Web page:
Ten years on, DC Shorts is still going strong. The film festival of movies less than 30 minutes long starts today and runs through Sept. 21 with 135 shorts (culled from 1,300 submissions) at E Street Cinema, the U.S. Navy Memorial and the Angelika in Fairfax. Here are all the details on how to get tickets, when to catch free screenings and how to watch the movies while sitting on your couch.

A still from "Verbatim," a very funny short by Brett Weiner, with outlandish dialogue taken from an actual deposition. (Courtesy of DC Shorts)
A still from "Verbatim," a very funny short by Brett Weiner, with outlandish dialogue taken from an actual legal deposition. The short is part of Showcase 9. (Courtesy of DC Shorts)

Prepare yourself for tapas

Just as small plates have taken over the D.C. dining scene, festival director Jon Gann compares the showcases to an eclectic tapas dinner. All of the films have been placed in 90-minute blocks. The seven to nine movies in each screening will run the gamut from drama to comedy to documentary to experimental, so that each audience will be taken on a bit of an emotional ride. There are also some specialty blocks, including all-doc screenings, a selection of Spanish films and LGBT shorts.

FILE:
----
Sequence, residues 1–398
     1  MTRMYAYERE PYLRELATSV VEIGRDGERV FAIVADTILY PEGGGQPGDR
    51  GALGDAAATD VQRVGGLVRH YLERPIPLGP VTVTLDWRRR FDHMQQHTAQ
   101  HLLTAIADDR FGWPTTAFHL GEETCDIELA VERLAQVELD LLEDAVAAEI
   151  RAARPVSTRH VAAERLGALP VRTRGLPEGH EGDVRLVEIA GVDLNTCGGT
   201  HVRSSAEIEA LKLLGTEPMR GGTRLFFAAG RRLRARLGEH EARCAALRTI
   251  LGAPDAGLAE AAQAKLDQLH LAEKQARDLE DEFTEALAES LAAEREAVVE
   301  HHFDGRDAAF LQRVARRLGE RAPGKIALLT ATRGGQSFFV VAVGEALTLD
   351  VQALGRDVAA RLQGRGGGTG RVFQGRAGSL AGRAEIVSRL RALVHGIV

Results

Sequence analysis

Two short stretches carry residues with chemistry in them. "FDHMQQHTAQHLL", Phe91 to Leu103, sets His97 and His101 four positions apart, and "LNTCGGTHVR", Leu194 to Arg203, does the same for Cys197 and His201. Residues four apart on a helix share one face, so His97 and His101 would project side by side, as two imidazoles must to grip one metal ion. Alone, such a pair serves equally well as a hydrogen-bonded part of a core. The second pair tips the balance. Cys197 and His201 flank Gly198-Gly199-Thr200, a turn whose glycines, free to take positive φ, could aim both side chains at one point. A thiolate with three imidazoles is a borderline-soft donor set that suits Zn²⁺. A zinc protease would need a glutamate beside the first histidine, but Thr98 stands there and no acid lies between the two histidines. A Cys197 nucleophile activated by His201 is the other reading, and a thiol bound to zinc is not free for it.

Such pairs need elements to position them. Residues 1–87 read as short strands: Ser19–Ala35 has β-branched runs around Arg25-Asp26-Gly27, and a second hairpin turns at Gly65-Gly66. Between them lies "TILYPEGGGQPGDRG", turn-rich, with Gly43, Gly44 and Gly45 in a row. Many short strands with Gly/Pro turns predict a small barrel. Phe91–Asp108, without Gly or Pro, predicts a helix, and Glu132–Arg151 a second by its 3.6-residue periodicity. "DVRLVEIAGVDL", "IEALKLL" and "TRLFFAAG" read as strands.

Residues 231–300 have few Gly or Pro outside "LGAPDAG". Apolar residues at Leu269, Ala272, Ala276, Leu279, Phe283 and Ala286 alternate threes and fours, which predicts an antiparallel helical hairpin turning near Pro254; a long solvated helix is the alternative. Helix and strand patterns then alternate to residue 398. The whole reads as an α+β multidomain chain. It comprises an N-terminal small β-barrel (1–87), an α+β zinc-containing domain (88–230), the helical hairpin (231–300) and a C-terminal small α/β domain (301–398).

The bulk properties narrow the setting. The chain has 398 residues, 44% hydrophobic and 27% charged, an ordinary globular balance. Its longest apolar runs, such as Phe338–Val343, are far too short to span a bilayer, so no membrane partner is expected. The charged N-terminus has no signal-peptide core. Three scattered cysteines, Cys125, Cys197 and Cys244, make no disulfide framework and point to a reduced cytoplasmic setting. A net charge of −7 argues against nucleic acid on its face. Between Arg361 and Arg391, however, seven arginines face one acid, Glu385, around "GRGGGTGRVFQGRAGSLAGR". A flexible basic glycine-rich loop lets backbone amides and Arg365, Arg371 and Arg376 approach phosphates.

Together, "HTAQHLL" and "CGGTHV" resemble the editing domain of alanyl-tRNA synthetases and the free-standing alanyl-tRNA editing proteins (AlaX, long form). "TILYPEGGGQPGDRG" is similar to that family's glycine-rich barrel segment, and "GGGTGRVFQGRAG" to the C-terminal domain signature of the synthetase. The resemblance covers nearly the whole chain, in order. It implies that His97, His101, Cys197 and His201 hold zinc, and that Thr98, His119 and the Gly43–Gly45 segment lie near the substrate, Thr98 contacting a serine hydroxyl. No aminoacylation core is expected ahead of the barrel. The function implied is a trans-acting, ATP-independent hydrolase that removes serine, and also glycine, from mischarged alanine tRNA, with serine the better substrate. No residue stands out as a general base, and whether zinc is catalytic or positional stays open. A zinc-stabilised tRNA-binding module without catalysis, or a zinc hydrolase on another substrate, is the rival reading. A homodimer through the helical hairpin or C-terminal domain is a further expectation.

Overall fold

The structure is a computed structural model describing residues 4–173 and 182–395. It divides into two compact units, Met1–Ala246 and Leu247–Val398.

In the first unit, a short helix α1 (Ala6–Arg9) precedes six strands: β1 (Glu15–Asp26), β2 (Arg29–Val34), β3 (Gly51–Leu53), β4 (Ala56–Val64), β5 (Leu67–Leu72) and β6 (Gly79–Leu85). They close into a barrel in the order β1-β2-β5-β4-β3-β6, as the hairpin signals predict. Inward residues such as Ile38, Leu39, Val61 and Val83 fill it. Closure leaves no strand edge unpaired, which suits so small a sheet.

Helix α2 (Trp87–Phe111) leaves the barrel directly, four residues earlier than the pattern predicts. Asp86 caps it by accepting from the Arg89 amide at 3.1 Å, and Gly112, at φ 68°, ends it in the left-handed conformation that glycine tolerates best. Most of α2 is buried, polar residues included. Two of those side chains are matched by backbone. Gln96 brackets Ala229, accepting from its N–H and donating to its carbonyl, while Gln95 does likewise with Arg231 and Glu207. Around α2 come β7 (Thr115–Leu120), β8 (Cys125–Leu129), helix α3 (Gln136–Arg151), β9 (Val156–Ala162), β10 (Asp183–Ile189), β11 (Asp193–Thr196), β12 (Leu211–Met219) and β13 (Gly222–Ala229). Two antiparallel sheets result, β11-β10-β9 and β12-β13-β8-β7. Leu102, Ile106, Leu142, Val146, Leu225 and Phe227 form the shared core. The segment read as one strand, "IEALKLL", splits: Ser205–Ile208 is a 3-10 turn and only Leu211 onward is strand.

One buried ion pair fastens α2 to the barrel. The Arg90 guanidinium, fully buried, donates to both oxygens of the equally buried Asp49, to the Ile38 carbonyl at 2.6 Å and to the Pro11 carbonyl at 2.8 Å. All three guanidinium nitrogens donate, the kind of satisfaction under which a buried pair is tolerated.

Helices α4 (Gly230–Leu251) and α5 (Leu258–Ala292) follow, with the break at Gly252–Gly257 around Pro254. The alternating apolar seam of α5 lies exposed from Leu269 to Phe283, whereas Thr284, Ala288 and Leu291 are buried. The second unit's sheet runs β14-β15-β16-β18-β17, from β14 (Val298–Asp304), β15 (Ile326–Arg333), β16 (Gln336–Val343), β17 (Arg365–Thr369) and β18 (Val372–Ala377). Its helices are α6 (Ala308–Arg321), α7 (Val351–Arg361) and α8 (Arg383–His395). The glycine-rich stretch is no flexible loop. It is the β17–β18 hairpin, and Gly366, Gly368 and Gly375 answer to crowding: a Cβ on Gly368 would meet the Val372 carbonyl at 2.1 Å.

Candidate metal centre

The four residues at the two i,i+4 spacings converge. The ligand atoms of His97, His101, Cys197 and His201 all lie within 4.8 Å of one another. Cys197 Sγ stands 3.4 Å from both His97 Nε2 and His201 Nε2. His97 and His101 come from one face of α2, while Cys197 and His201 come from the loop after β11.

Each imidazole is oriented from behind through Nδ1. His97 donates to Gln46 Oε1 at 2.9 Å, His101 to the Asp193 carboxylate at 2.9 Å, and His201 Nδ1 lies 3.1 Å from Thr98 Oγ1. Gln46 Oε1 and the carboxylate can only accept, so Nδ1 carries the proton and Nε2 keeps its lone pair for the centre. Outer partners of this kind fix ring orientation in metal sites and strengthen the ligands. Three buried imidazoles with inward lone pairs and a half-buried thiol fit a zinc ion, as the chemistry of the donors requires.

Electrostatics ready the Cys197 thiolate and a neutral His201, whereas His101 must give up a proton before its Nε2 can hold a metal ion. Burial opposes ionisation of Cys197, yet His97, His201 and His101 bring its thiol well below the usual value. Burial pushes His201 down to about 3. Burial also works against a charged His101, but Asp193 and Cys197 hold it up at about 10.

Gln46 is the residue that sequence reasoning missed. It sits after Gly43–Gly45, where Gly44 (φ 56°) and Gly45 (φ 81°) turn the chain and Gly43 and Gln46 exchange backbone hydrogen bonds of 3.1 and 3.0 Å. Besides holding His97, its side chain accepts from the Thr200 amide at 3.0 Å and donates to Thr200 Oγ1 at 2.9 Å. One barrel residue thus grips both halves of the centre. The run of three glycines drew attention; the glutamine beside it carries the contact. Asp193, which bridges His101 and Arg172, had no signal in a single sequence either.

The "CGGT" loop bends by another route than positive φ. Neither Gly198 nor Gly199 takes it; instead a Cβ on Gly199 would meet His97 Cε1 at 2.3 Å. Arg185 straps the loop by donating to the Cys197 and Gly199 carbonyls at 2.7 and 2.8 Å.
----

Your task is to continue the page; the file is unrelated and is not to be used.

Decide if you like talk-backs

Some movie-goers love to stick around after a movie and participate in question-and-answer sessions with filmmakers and actors. Others want to get home as quickly as possible. Those in the former group should make an effort to catch the screenings this weekend, which will be followed by moderated discussions.

Vow to take a lunch break

Typical Washingtonian overachievers generally chow down on their lunches while working, or at least sitting in front of their computers and appearing to work. But DC Shorts is no time for that. Next Monday through Sept. 18, there will be free 40-minute screenings at noon at E Street Cinema; Angelika also hosts free screenings, Monday through the 21st, including 70-minute family-friendly blocks at 1 p.m. on Saturday and Sunday, Sept. 20 and 21.

Stay in your jammies

You don't have to make it to the theater to watch the shorts. Most of the movies are available online for an incredibly reasonable price. Tickets for in-theater screenings run $12 per showcase, but if you want to see them at home, you can buy an all-access pass online for $35. If you're willing to leave your house and buy the pass at the box office, it's only $15, which connects you with more than 100 shorts, but only during the festival.

Hold out for the best of the best

Given that only 1 in 10 submissions makes it into the festival, the quality of the shorts is already pretty high. But if you're willing to wait until closing weekend, you can watch the two best of showcases, made up of the shorts which won awards -- which are announced Sunday -- and audience favorites.

For more information on screenings and tickets, visit the DC Shorts Web site.